According to the brief summary of the draft, published on the government web portal, it was developed in compliance with the principles of Russian state service. If passed, the bill would apply to military units, military command bodies, military police and military recruitment stations.
RBC news agency quoted a source in the ministry as saying that the detailed draft contains a recommendation for all servicemen not to register any accounts on social networks and to bring their internet activity to a minimum. However, it allows those who have existing accounts prior to entering military service to keep them, under condition that they don’t disclose any information relating to their service or publish any pictures of themselves, “especially with classified documents on the background.”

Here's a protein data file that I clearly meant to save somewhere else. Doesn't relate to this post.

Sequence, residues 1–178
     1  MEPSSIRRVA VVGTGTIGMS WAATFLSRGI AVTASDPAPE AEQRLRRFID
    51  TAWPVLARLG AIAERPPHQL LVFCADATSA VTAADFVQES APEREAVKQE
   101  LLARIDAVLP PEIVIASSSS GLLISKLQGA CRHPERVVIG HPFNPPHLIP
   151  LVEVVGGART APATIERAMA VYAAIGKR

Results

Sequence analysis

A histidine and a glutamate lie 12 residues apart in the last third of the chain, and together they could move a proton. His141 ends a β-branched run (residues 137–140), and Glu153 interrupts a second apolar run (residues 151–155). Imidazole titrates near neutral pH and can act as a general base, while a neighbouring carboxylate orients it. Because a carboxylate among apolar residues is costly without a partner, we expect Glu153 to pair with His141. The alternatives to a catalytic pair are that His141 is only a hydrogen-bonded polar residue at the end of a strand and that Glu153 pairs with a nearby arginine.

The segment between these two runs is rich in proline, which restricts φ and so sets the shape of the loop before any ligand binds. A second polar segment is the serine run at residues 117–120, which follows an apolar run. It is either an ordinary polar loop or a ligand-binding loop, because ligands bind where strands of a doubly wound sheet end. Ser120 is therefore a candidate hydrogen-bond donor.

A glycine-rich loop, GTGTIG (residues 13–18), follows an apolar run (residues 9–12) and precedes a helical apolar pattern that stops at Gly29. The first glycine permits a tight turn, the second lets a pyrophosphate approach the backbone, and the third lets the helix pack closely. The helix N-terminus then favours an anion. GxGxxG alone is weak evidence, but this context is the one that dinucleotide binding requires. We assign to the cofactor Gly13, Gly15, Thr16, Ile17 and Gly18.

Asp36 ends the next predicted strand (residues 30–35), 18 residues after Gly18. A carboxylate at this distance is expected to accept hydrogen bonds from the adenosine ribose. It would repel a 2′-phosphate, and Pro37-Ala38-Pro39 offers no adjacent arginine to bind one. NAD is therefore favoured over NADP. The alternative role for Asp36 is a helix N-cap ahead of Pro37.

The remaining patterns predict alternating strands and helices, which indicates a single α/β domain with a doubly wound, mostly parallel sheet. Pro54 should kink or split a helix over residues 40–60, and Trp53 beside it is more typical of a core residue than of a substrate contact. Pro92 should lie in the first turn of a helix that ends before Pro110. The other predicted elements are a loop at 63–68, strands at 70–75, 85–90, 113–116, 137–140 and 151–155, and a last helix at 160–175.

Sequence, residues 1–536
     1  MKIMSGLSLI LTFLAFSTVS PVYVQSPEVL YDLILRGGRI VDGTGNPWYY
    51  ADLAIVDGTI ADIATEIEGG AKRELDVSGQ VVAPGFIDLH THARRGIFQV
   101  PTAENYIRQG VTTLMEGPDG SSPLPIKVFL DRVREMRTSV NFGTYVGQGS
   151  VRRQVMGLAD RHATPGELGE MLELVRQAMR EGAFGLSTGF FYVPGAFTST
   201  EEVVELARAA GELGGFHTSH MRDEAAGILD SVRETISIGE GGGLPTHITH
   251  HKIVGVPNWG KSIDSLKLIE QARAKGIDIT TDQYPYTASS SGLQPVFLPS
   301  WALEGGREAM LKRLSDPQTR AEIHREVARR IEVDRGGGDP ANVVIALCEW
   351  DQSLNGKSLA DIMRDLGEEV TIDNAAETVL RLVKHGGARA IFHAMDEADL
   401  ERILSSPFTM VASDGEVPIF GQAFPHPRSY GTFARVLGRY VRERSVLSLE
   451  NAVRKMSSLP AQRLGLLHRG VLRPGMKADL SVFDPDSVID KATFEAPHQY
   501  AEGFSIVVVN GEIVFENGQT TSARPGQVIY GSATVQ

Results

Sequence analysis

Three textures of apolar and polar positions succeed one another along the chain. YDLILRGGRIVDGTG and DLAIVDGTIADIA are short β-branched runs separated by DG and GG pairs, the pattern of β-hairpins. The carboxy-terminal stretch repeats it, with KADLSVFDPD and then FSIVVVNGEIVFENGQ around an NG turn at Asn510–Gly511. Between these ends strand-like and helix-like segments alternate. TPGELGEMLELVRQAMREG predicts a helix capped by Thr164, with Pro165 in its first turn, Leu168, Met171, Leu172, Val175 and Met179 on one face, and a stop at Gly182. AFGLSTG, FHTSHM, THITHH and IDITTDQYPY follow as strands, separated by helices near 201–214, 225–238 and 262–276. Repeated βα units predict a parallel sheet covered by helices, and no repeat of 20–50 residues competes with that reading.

Currently, Russian law and the internal regulations of the Russian military do not restrict or regulate the use of the internet or social networks. It is up to each unit’s commander to allow mobile phone and internet usage at his discretion.
In 2014, the Russian mass media reported that the Defense Ministry had banned the use of iPhones during mandatory military service over security concerns. However, the ministry soon denied this, saying it had not issued any bans on using the mobile services of one particular manufacturer.
In late 2016, the military forces announced the completion of the ‘Closed Data Transfer Segment’ communication system that is completely independent from the internet and protected from unlicensed connections.
The structure of this ‘military internet’ is similar to the one of the conventional World Wide Web, but is accessible only on computers that use the dedicated operating system developed by the Russian Military Forces, as well as special licensed hardware.